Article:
As a 26 year veteran of the Chicago Police Department, few people know as well as I do just how complicated and often destructive the relationship between Black folks and the police can be. Though our frustration at many of the officers in our community and the harsh realities of the "injustice system" may be warranted, it is also worth noting just how many of us enter our interactions with the police in a hostile or disrespectful manner before an officer has even opened his or her mouth. Now, you have a system that is designed to keep us incarcerated and cops who may be harboring biases against us because of our race (including some of the Black ones), let alone the many Black people who have been killed by law enforcement…wouldn't it be wiser to keep a cool head when dealing with the police? The EBONY Police Survival Guide is designed to help you and your loved ones to make wise choices when encountering law enforcement officers.
Remember: what you do when pulled over by the cops can save your freedom and perhaps your life.
- Have your documents in order: VALID driver's license, CURRENT insurance card and proof of registration. Don't have to search for these items-keep them together in one location.
- Pull over as soon as you can safely do so when you see the police lights behind you. If it turns out they are not actually stopping you, they will drive on by. If they are, they may actually appreciate your quick response .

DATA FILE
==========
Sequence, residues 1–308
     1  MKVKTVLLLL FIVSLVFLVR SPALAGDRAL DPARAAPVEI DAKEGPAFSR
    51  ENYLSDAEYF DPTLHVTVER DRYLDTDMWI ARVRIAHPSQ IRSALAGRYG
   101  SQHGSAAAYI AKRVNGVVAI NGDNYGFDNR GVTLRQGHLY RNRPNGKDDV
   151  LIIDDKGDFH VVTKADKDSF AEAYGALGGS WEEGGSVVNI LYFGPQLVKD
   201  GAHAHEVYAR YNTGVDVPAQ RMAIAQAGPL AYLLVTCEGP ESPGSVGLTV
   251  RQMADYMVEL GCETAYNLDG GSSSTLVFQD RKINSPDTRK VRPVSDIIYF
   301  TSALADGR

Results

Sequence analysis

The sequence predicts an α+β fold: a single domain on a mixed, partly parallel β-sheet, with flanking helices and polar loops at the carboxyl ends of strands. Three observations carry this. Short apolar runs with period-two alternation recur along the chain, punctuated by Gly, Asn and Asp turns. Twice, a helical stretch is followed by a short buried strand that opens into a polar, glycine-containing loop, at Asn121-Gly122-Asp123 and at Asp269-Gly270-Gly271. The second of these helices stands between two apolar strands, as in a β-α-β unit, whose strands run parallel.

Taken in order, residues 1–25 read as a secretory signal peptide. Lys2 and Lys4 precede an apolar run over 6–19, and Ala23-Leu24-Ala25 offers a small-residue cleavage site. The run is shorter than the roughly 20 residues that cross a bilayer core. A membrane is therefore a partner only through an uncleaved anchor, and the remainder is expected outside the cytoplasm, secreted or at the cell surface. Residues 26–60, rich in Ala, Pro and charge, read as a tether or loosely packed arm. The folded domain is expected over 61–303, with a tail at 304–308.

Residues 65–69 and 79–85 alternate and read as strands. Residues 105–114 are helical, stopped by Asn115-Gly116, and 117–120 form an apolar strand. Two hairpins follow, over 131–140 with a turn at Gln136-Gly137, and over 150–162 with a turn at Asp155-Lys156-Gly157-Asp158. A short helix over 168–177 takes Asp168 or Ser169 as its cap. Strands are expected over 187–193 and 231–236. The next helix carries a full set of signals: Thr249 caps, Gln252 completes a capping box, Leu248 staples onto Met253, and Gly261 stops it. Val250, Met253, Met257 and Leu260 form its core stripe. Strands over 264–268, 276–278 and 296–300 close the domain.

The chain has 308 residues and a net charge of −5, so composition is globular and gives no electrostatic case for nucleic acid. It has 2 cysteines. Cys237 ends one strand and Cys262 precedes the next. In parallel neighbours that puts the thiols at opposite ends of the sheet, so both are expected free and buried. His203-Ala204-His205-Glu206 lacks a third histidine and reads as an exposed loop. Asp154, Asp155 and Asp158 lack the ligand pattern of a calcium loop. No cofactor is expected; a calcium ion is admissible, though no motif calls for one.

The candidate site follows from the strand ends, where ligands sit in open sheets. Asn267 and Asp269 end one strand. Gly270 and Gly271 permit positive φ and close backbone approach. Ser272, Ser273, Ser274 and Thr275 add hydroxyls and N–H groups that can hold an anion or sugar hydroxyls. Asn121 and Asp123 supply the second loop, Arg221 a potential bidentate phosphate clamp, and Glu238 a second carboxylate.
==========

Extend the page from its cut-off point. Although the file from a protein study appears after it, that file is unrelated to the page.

- If stopped at night, turn on your interior lights. That way, they can see you when approaching your vehicle. Remember, you have nothing to hide.
- Put your hands on the wheel or somewhere in plain view.
- Be polite, hand the officer your documents, and wait.
- Immediately demand to know "Why are you stopping me?" They will not admit to stopping you for "Driving While Black" if that is the case. Remember, you might have ACTUALLY violated a traffic law. In either case, you want this to be over as quickly as possible and to drive away without a ticket (or worse). If you were pulled over for a valid reason (illegal lane change, missing license plate, etc), remain polite and humble about what you've done wrong. If you feel that you were pulled over unjustly, don't argue. Get his information and report him to the precinct.
- Roll the window down 1-inch and pass your license through the small opening. This says "I'm hiding something."
- Dial your friends on your cell phone and say "this punk a*s cop just stopped me for nothing." There is no point in "baiting" the officer, especially if he or she is someone who has decided to target you for an unfair reason.
- Give the police permission to search your car. If they do it anyway without your permission, contact legal representation LATER and remain calm..
- Act like a jerk. Many police are jerks, but not all of them. But at the end of the day, the system is designed to protect them, not you. The idea is to stay out of the "just-us system", not to escalate what may already be a bad situation. You don't have to kiss their behinds, just be polite.
If all this fails, the names and badge numbers of the officer(s) involved will be on any paperwork they generate. Let your lawyer take it from there. Don't hesitate to report officers who you feel have treated you unjustly. It doesn't always feel like those reports make a difference, but they can, especially when an officer has a desk file an inch thick with people complaining about his or her behavior. We cannot simply get angry, we have to be proactive in taking officers to task when they fail to serve and protect us fairly.
David Lemieux is a retired Chicago Police Detective, a former member of the Illinois chapter of the Black Panther Party and an activist.